So what does an effective relationship between board and executive look like in practice? “Clear and shared expectations are the starting point” says Vanni. “Setting the priorities takes time. It requires clarity of thought and reflection on the part of the governing board, so that means creating the right conditions for this. I would recommend that governing boards spend at least one session a year away from their normal meeting environment to revisit and reflect on the vision and priorities and to make sure that they are as relevant and as purposeful as possible. Boards should find the space to consider the wider context including the opportunities and challenges that their organisations face, as well as looking at key trends, data, intelligence and how all of this impacts on their core purpose – perhaps with some external input or provocation. That way they will be better equipped to provide clear direction in response. That’s especially crucial in an ever-changing education sector. Where this is done well and the direction is clearly communicated, it is much easier for the executive to know exactly which course they should be following and what the board expects them to deliver.”
Alongside this, accountability is fundamental. “It is the Board’s responsibility to hold the executive, and through him/her, other leaders to account – make sure they are doing the job as well as the Board wishes them to do it and support them to get better if they are not doing the job as well as they should be.” Vanni’s view is that boards, whilst not ‘meddling’ or involving themselves in the operations of the organisation, should have a close eye on progress and be willing to provide the necessary support or challenge to leaders. “Most leaders will need to reflect on their work and the progress they are making, and the Board should give them the space to reflect and to articulate what should happen next.”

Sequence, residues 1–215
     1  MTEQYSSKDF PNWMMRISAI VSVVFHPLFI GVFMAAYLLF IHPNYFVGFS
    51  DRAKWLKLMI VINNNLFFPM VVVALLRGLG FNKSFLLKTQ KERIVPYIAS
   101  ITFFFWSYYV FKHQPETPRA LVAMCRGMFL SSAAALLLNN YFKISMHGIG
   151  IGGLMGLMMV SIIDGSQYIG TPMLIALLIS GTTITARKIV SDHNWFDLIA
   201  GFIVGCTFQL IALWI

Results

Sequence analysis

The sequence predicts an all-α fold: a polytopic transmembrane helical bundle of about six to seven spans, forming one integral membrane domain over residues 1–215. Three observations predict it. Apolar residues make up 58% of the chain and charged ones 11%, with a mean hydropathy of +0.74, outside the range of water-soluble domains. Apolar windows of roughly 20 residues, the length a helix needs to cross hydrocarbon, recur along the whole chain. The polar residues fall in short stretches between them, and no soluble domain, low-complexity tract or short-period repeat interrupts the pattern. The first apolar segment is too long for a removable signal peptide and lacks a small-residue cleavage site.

“Being a CEO or executive leader can be a lonely business and it is the job of the Board to help the CEO do as good a job as they can.”
High standard of appraisal is an important element of providing a careful blend of support and challenge to the executive leader. “Being a CEO or executive leader can be a lonely business and it is the job of the Board to help the CEO do as good a job as they can. A well done appraisal that ties into the organisational vision and priorities, and that sufficiently ‘stretches’ the executive whilst also putting in place the necessary professional development and support alongside it, is a really crucial means of keeping the leader and organisation on track. Boards can also ensure that the executive leader is receiving mentoring, as well as constructive feedback and challenge through 360 degree reviews – helping them to be more reflective on how their leadership is contributing to the organisation’s culture and progress.”